### stuff.co.nz Last updated 12:20, March 7 2015
Film highlighting pollution woes vanishes from China’s Internet
By Dian Zhang
A 104-minute film lecture that outlines the serious pollution in China has been removed from the nation’s internet, after receiving millions of views and raising hopes that the country’s leadership might tackle China’s widespread smog problem. The film – by Chai Jing, one of the best-known journalists in China and a well-known former state television reporter – was released right before China’s two most important political events, the National People’s Congress and the Chinese People’s Political Consultative Conference. Before the movie was censored, a story from Xinhua News Agency, China’s official press agency, praising the film was deleted online the same night the article was posted, offering a hint of the government’s real attitude.
Released last Saturday, Under the Dome had received 42.9 million views on Youku, a video-sharing website like YouTube, by 5 pm Thursday (local time). It prompted 530,460 posts on Weibo.
In the film, Chai gives a speech and shows data and interviews with government officials and environmental experts from China and abroad. The film shows striking images of the extent of air pollution in a number of Chinese cities, as well as rivers fouled by chemicals and littered with flotsam and dead fish. Chai also travelled to Los Angeles and London to gauge their experiences dealing with smog.
█ Chai Jing’s documentary is well worth watching. Preamble via CNN.
CNN Published on Mar 3, 2015
China smog documentary goes viral
Director of China Environment Forum Jennifer Turner discusses a new documentary titled “Under the Dome” that discusses pollution in China.
Linghein Ho Published on Mar 1, 2015
Chai Jing’s review: Under the Dome – Investigating China’s Smog 柴静雾霾调查：穹顶之下 (full translation)
ENGLISH SUBTITLES ARE FULLY TRANSLATED
For more information: http://www.linghein.me/tr_u/
English Subtitles: FULLY UPDATED | Japanese Subtitles: update to 09:25 | French Subtitles: update to 31:06
Former celebrity TV anchor Chai Jing quit her job after her baby daughter was born with a lung tumor, and after a year of rigorous investigation, launched this 1 hour 40 minute documentary about China’s smog: what is smog? Where does it come from? What do we do from here? It is very powerful in many ways. English subtitles are now completely finished, and other languages are being added.
Music: “Brotherhood” by John Dreamer (Google Play • iTunes)
[click to enlarge]
3 photo comparatives (*gif) taken by NASA’s Aqua satellite via gizmodo.com
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One response to “Pollution in Chinese cities”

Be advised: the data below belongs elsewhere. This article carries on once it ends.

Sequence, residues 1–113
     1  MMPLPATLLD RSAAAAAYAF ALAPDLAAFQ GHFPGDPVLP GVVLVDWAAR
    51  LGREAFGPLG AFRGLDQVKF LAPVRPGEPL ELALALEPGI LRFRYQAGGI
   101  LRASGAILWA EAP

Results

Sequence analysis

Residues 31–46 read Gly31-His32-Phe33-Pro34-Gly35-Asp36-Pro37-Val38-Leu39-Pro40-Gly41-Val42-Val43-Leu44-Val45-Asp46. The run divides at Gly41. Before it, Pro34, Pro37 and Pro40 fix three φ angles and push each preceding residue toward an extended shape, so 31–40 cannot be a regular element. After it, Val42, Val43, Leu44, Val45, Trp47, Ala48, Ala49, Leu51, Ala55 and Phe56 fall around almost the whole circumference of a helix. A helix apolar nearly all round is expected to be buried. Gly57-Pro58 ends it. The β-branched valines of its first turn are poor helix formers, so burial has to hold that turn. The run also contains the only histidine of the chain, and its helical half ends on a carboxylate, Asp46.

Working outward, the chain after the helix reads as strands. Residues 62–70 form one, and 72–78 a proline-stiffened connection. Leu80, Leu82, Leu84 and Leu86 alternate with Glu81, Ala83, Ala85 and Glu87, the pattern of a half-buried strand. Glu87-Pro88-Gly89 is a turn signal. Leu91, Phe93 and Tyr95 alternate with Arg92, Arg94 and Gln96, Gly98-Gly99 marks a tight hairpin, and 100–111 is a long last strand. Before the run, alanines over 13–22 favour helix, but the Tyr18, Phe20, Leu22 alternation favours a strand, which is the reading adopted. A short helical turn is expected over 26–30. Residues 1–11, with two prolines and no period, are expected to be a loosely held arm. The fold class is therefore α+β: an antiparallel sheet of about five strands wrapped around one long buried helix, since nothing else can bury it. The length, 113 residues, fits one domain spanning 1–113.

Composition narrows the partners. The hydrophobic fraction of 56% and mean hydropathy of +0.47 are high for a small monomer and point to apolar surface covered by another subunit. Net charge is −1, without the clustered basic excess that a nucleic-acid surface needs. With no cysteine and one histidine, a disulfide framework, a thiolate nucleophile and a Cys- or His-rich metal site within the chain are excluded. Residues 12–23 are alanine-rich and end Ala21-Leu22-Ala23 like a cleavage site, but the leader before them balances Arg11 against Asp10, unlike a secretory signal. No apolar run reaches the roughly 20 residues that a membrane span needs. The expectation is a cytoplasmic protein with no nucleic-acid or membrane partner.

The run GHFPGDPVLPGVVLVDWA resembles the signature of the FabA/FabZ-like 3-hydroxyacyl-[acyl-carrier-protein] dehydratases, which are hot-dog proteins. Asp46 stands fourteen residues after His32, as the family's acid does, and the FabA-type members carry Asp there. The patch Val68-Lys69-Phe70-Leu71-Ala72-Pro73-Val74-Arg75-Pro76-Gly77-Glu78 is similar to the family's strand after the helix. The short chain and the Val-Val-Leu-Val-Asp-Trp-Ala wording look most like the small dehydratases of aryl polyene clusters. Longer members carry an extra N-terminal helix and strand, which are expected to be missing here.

businessinsider.com Feb. 18, 2016, 12:28 PM
12 eerie images of enormous Chinese cities completely empty of people
By Sarah Jacobs
Throughout China, there are hundreds of cities that have almost everything one needs for a modern, urban lifestyle: high-rise apartment complexes, developed waterfronts, skyscrapers, and even public art. Everything, that is, except one major factor: people. These mysterious — and almost completely empty — cities are a part of China’s larger plan to move 250 million citizens currently living in rural areas into urban locations by 2026, and places like the Kangbashi District of Ordos are already prepped and ready to be occupied.
Photographer Kai Caemmerer became fascinated with these urban plans, and in 2015 he traveled to China to explore and document them. His series, “Unborn Cities,” depicts a completely new type of urban development. “Unlike in the US, where cities often begin as small developments and grow in accordance to the local industries, these new Chinese cities are built to the point of near completion before introducing people,” he told Business Insider.
Read more + Images
█ Kai Caemmerer http://kaimichael.com/
Works. Unborn Cities, 2015
In 2015, Caemmerer photographed the Kangbashi District of Ordos, the Yujiapu Financial District near Tianjin, and the Meixi Lake development near the city of Changsha. These images are documenting a “complex moment in Chinese urbanization,” Caemmerer said. “Many of these new cities are not expected to be complete or vibrant until 15 to 25 years after they begin construction. They are built for the distant future, and at present, we can only speculate on what form they will have taken when they reach this point in time.”
“Unborn Cities, No.18, 2015,” 55 x 70 inches. Pigment print.
“Unborn Cities, No.15, 2015,” 55 x 70 inches. Pigment print.